"Do you want something to drink?" he asked quickly, wondering why he wanted an excuse to get out of the conversation. Having Mac hanging on him was hardly something to be avoided.

She merely nodded and let him lead her away. When they'd gained some distance, her demeanor returned to normal. She shook her head. "These people are completely out of their minds-- and so are we for going through with this. You know what I'm dreading most?"

"What?"

"Going back to work after this. I'm going to walk into court and the judge will say, 'Hey, aren't you one of those bimbos from Temptation Cruise?'".

Harm chuckled. "Mac, I pity any man who calls you a bimbo."

The comment won him a laugh. "And with good reason, Harm. With good reason."

 

Chapter 9

 

A.J. came out of his office a few minutes before the formal start of the day. He liked to walk through the bullpen, say good morning, and catch up on the various goings-on in his surrogate family's lives. Lately, the Temptation Cruise saga had become preeminent. Harm and Mac had regaled them with stories of the horrors of power lunches, professional photo shoots, and worst of all, the contestant interviews.

This morning, the entire JAG team seemed to have gathered, with the notable exception of Colonel MacKenzie. A.J. drifted over.

"Is everyone ready for the Labor Day picnic?" he asked after the round of "Good morning, Admiral!" had died away.

"Yes, sir," Harriet assured him. "I've made sure everyone knows what they're supposed to bring for the barbeque, and Tiner has agreed to bring his volleyball net and lawn darts."

"You have lawn darts, Lieutenant?" Sturgis asked with a grin.

"I do, sir." Tiner answered, but didn't seem to know whether to be pleased or offended by the question.

"Hey, Harm." Sturgis turned his attention to the commander. "Are you and Mac going to make this a 'hands on' or a 'hands off' event?"

Harm flushed, embarrassed, as attention centered on him. "I don't know, Sturgis. I'll have to ask her." The look he gave his friend promised retribution for mentioning something that obviously hadn't been meant for general consumption.

A.J. glanced between the two men, fighting to keep his expression stern. "I'm not entirely sure I like the sound of this, Commander. Would you care to explain?"

Harm spread his hands, his grin as guileless as a five-year-old's. "Well, sir, it's a term the Colonel and I have been using to differentiate between times when we're acting… in character for the investigation, and times when we're not."

"It's pretty amazing, sir," Harriet piped up. "They're very convincing." The comment earned her a glare from Commander Rabb and a scandalized stare from her husband. She subsided with an "what-did-I-do" pout.

"Ah." A.J. studied his lead litigator. He had never found many opportunities to advise Harm about his relationship with Mac, to his regret. He so wanted to help the two find each other. Unfortunately, he was bound by the rules of his position not to foster behavior that violated Navy regulations, and so far he had never stepped over that line. He paused as a thought struck him. This undercover investigation had done a rather good job of redrawing the lines, though, hadn't it?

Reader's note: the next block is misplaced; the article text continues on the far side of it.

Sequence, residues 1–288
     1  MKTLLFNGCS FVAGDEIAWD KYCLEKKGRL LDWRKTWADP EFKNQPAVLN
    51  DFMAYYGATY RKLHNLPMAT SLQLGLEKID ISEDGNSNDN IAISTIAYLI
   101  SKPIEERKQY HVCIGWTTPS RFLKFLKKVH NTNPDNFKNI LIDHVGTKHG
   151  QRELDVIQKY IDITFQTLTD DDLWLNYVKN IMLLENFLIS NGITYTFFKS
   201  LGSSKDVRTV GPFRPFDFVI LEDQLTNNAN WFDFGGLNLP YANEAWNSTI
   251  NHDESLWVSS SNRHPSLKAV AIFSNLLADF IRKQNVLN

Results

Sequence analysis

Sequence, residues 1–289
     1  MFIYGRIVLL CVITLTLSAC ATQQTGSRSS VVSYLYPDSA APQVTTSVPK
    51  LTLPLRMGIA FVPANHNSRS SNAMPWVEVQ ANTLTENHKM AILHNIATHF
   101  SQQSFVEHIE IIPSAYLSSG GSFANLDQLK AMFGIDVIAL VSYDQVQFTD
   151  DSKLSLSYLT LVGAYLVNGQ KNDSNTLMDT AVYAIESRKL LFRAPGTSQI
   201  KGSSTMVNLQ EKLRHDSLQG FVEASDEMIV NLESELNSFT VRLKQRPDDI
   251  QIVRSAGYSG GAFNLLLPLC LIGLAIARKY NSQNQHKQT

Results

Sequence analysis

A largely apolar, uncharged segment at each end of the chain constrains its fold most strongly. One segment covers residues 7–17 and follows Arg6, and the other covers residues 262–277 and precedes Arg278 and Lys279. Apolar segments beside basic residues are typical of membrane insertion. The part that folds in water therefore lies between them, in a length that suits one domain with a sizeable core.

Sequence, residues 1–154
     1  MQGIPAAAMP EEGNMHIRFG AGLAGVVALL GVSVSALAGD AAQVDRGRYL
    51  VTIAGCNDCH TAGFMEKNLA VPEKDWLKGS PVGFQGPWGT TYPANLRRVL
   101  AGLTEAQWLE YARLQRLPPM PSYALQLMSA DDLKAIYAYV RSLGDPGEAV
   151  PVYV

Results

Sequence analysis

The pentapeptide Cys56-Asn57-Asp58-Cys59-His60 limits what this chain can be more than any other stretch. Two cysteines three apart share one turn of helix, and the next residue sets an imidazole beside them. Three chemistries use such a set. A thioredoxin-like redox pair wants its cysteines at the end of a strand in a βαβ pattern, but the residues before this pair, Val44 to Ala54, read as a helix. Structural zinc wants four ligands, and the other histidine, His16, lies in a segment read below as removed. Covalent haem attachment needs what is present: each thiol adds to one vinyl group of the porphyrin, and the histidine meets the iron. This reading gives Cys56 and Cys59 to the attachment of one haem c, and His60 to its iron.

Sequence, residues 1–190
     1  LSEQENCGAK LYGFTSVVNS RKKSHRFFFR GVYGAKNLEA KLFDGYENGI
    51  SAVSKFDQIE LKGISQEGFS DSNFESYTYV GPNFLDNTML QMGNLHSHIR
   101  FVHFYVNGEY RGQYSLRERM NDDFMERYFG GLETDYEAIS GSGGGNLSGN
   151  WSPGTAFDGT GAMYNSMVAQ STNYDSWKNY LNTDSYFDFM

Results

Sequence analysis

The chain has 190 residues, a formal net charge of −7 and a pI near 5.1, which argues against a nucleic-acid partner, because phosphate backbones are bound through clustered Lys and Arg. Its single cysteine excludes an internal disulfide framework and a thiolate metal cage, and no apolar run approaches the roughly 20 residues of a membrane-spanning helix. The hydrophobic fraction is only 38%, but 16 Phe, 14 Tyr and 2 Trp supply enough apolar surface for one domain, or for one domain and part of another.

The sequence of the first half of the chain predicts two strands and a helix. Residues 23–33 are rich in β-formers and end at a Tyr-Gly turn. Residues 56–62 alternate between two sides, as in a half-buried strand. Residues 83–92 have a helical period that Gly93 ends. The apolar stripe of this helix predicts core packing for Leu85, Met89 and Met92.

A.J. kept his smirk firmly to himself. "I think I'd like to judge that for myself, thank you, Harriet." He nodded to the Lieutenant, then turned to Harm. "Consider it a 'hands on' event, Commander. I believe that's the correct term?"

Harm gaped at him.

A.J. turned his hard-line routine up a notch. "Do you have a problem with that, Commander?" he demanded. A.J. so loved being an Admiral. He could torment his friends without risk of payback.

"Uh… no, sir."

"Good." A.J. widened his attention to take in the whole group. "I look forward to seeing you all on Monday." And with that he headed back to his office, silently whistling a merry tune as he went.

 

~~~~~~~~~~

 

"Sturgis, I am going to kill you!" Harm glared at the commander in friendly outrage.

Sturgis laughed, completely unimpressed. "Only if Mac doesn't kill you first."

"She just might, you realize."

"Oh, sir, it'll be all right." Harriet gave Harm a compassionate smile.

"You!" With a laugh of his own, Harm rounded on her. "After I've finished with him--" He pointed to Sturgis. "I'm going to come after you, Lieutenant." At Bud's alarmed look, he added in an undertone, "Or at the very least, order your husband to take you home and spank you."

Bud and Harriet stared at him wide-eyed while everyone else dissolved into discrete giggles. Satisfied that he'd made his point, Harm turned to leave. He took a step and nearly collided with Mac, who stood two paces behind him. She wore a look of amusement that set her dark eyes to dancing.

"Do I dare ask?"

The spate of giggles turned into full-scale guffaws. Harm couldn't help but join in the laughter. "I'll tell you later," he promised.

He noticed she was holding a very large manila envelope in one hand. "What's
that?"

Mac handed the envelope over, grinning at him with a kind of cheerful menace. "Apparently, Rolling Stone has decided they want you for their cover-- don't ask me why."

Harm studied the envelope in his hands with interest. This whole cover photo escapade certainly wasn't harming his ego. "That's not very charitable of you, Mac." He flashed his partner a smile. "Have I given you any trouble at all about being on Cosmo?"